The Canary Islands were formed as the result of volcanic activity but, more specifically, the Timanfaya National Park, covering an area of 50 sq klm, was created during a series of eruptions between 1730-1736. Because of the absence of rain and other erosive factors, the scenery today remains much as it was at the end of that period. The lava flow was dramatic and swept away several villages yet, strangely, there were no fatalities. The extent of the lava field is quite apparent and there is a clear demarcation of where the devastation reached.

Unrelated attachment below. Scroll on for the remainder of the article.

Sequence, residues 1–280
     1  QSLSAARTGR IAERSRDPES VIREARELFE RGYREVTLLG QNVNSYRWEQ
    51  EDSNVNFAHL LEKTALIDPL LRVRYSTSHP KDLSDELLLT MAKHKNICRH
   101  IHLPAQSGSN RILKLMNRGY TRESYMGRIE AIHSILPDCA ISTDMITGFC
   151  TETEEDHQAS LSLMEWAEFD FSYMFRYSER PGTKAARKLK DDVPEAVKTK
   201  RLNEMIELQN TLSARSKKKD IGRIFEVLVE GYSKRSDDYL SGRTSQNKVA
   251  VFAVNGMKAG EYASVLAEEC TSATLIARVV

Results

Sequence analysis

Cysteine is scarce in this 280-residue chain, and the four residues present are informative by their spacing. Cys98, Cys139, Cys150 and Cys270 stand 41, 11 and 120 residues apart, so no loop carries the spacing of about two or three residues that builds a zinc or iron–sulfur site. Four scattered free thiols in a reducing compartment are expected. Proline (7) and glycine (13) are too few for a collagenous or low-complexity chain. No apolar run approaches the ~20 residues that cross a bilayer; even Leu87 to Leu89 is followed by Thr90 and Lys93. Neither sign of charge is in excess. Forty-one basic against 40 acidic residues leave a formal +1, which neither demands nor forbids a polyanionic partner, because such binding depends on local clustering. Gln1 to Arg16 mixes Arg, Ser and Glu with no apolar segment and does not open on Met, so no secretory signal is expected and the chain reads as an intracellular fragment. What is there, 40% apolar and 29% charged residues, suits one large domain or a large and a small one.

The Timanfaya National Park is noted for its strange ‘lunar’ landscape. There are vast areas of ‘clinker’, but in other places the texture reflects the solidified lava streams.